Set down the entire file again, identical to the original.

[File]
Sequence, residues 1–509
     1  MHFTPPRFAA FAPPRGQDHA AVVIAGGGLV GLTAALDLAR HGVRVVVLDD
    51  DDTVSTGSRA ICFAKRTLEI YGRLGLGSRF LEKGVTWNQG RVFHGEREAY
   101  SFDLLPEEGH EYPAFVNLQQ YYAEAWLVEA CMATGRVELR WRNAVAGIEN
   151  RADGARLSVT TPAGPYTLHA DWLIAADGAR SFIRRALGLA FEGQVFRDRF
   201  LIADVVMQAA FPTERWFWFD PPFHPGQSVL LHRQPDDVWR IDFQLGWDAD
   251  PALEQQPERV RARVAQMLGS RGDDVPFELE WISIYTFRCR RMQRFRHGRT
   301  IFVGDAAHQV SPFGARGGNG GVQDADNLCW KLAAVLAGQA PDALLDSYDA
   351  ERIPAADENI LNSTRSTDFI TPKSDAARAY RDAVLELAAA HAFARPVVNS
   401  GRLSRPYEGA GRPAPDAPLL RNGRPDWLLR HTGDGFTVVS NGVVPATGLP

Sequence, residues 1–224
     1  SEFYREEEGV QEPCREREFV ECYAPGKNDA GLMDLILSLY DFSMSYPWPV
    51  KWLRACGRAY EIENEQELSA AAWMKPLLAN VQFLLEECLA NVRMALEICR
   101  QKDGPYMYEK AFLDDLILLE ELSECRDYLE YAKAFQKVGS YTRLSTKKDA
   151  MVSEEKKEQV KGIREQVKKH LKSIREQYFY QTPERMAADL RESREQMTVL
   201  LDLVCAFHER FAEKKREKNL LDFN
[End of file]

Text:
Sequence, residues 1–509
     1  MHFTPPRFAA FAPPRGQDHA AVVIAGGGLV GLTAALDLAR HGVRVVVLDD
    51  DDTVSTGSRA ICFAKRTLEI YGRLGLGSRF LEKGVTWNQG RVFHGEREAY
   101  SFDLLPEEGH EYPAFVNLQQ YYAEAWLVEA CMATGRVELR WRNAVAGIEN
   151  RADGARLSVT TPAGPYTLHA DWLIAADGAR SFIRRALGLA FEGQVFRDRF
   201  LIADVVMQAA FPTERWFWFD PPFHPGQSVL LHRQPDDVWR IDFQLGWDAD
   251  PALEQQPERV RARVAQMLGS RGDDVPFELE WISIYTFRCR RMQRFRHGRT
   301  IFVGDAAHQV SPFGARGGNG GVQDADNLCW KLAAVLAGQA PDALLDSYDA
   351  ERIPAADENI LNSTRSTDFI TPKSDAARAY RDAVLELAAA HAFARPVVNS
   401  GRLSRPYEGA GRPAPDAPLL RNGRPDWLLR HTGDGFTVVS NGVVPATGLP

Sequence, residues 1–224
     1  SEFYREEEGV QEPCREREFV ECYAPGKNDA GLMDLILSLY DFSMSYPWPV
    51  KWLRACGRAY EIENEQELSA AAWMKPLLAN VQFLLEECLA NVRMALEICR
   101  QKDGPYMYEK AFLDDLILLE ELSECRDYLE YAKAFQKVGS YTRLSTKKDA
   151  MVSEEKKEQV KGIREQVKKH LKSIREQYFY QTPERMAADL RESREQMTVL
   201  LDLVCAFHER FAEKKREKNL LDFN